Album Review: Young The Giant—“Home Of The Strange”

By George Moshenski-Dubov, Feature Photo via MTV.com/taken by Pieter Van Hattem

Young The Giant—best known for their songs “Cough Syrup,” and “My Body”released their third studio album Home Of The Strange last month. Between then and now, Young  The Giant have slowly incorporated a taste of pop into their indie rock band in addition to a broader subject matter. The songs on Home Of The Strange tackle issues of social identity concerning culture, religion, and nationality in America. This doesn’t come as a challenge to Young The Giant, a band that is extremely diverse. The lead singer Sameer Gadhia’ parents are Indian, drummer Francois Comtois is a French-Canadian, guitarist Jacob Tilley is British, bassist Payam Doostzadeh is of Persian origin, and guitarist Eric Cannata is an Italian Jew. With this diverse mix of members, the band tackles the nuances of living as diaspora in modern day North America.

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Album Art for Home Of The Strange

“Amerika” is written in the eyes of an immigrant who is seeking the American Dream, caught between their learned norms and values while trying to oblige to the norms of the American society. “Something to Believe In” is arguably the most popular song of Young the Giant’s new album, peaking at 24 on Billboard’s Hot Rock Songs, with over seven million plays on Spotify. In this song, the singer struggles with religion. The singer has difficulties trying to believe in a God, even asking him for something to believe in. This song, like many on the album, lyrically describes hardships with finding one self’s identity. This is not only evident in the song’s subject matter, but also associated with the album art.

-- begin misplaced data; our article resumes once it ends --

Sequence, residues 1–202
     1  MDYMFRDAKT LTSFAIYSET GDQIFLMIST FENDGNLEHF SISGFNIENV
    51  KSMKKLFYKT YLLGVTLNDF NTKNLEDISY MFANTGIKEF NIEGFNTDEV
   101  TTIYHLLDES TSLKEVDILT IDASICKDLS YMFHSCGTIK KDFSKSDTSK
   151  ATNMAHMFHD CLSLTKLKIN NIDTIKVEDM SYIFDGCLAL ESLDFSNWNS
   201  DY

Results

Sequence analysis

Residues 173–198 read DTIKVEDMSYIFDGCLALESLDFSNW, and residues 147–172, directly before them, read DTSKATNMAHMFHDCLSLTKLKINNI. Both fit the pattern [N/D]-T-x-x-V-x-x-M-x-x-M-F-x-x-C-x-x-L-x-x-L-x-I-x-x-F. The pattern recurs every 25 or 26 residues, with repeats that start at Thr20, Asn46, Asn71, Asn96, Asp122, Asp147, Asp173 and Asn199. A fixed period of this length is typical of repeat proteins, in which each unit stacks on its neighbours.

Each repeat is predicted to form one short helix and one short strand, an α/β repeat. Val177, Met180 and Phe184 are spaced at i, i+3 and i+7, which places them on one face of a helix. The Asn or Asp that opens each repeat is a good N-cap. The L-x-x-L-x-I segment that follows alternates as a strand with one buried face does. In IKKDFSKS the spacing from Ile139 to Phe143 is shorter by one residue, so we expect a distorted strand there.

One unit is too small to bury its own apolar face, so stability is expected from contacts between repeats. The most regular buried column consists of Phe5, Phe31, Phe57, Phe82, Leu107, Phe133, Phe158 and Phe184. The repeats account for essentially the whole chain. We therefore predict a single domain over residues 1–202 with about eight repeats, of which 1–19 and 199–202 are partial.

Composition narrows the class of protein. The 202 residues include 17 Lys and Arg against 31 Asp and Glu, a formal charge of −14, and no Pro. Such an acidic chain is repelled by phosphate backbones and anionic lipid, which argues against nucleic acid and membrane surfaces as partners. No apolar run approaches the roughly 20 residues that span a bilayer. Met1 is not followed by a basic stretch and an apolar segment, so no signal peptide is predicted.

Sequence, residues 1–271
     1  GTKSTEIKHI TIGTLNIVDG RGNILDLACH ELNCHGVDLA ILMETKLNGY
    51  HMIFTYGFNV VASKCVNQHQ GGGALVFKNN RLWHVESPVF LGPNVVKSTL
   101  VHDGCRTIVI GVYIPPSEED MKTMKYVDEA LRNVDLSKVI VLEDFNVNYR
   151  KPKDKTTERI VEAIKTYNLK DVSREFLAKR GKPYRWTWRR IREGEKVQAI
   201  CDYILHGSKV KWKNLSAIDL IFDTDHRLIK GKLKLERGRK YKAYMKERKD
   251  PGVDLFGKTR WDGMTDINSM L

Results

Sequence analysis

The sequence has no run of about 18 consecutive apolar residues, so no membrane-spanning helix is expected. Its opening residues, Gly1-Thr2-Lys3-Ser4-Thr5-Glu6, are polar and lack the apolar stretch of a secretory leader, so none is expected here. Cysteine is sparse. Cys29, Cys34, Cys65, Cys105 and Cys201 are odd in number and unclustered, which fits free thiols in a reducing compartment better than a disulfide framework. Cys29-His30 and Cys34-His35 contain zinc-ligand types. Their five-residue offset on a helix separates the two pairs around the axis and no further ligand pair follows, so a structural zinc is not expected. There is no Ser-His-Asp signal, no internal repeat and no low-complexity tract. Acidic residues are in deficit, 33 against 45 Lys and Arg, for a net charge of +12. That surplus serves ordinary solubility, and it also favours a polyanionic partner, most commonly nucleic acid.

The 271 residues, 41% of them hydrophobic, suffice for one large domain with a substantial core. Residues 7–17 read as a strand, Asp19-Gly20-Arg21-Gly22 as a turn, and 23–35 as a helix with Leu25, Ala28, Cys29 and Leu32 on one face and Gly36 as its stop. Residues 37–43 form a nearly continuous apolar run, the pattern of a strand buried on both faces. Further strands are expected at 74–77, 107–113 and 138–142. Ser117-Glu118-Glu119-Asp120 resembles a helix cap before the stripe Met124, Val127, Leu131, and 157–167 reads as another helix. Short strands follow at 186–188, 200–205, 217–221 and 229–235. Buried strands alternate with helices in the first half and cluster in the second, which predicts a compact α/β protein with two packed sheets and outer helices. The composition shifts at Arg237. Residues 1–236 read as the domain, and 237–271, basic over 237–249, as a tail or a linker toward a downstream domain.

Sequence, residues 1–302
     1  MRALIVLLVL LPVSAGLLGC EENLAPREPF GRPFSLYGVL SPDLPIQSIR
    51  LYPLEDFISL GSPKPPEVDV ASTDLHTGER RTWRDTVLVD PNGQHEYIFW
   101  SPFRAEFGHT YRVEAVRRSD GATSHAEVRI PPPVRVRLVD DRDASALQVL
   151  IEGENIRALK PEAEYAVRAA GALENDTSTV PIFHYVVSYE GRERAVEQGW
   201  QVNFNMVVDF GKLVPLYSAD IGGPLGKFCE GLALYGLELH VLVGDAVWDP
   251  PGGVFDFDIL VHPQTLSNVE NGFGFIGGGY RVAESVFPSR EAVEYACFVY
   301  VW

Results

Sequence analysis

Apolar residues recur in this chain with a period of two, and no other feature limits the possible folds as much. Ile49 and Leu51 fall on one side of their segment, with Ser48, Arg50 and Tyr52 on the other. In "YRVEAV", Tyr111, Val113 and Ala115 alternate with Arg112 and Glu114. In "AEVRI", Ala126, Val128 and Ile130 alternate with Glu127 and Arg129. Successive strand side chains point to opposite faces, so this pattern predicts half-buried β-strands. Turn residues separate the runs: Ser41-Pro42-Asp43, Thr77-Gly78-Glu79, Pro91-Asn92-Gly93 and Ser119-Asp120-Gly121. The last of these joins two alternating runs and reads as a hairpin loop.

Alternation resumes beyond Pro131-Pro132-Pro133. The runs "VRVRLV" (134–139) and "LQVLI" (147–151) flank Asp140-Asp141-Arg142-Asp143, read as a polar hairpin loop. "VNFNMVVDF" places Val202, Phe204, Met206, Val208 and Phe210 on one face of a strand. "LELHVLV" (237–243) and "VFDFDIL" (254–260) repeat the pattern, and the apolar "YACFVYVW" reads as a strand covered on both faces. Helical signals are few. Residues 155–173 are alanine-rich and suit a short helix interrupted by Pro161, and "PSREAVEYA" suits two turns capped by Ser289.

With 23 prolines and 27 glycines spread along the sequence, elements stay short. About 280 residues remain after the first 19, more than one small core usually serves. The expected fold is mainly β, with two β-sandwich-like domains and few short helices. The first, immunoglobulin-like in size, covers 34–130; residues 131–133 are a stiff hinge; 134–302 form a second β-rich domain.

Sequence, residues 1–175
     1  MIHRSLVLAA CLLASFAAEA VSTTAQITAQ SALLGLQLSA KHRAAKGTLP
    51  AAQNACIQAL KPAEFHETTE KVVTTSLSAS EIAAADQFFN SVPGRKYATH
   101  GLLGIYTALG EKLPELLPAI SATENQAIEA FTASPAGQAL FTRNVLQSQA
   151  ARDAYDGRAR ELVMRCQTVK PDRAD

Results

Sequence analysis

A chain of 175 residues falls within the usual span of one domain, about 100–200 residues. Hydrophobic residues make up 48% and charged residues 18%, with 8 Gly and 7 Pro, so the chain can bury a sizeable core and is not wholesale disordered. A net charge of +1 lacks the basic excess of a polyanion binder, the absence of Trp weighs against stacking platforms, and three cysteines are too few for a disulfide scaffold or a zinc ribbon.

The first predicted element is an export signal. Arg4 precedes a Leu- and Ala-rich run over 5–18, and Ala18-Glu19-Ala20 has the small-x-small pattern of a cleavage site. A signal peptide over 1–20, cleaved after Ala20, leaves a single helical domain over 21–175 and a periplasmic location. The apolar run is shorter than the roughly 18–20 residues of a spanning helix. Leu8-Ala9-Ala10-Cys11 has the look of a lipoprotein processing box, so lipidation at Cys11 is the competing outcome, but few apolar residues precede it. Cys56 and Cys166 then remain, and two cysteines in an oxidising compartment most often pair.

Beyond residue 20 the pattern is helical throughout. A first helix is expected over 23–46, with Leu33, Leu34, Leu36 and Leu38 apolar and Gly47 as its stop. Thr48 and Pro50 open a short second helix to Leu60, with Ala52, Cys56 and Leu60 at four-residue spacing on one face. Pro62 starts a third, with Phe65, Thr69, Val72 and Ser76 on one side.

The album’s cover art is a beautiful abstract depiction of seven dark coloured mountains, that may or many not symbolize the seven continents on Earth. One mountain has a face with five figures walking into it’s mouth, potentially representing each of the five members of the band. Around the mountains are various different coloured people, wearing different coloured outfits, holding dozens of different coloured flags. Many of the figures are being transported on boats, or animals, that could illustrate immigration. The beauty of this album is not only evident in the album art, it is also evident in the way I’ve perceived this album.

The lyrical aspect of the album is amazing, as it sings about issues of identity that we all witness in society. Many of us are immigrants, and we ourselves might be fighting to pay tribute to our ancestry and background while trying to fit into this modern world. The light-hearted rock melodies in the album pair perfectly with the deeper lyrics, similar to what you can see with other rock bands, such as Twenty One Pilots and Coldplay. Despite the amazing record, I do not think it will be as popular as their second album, Mind Over Matter. That being said, this is record is a piece of art that can should be appreciated, especially as something that is different. If you’re a lover of indie rock, or just looking for something new, this is worth a listen. (Fueled By Ramen)

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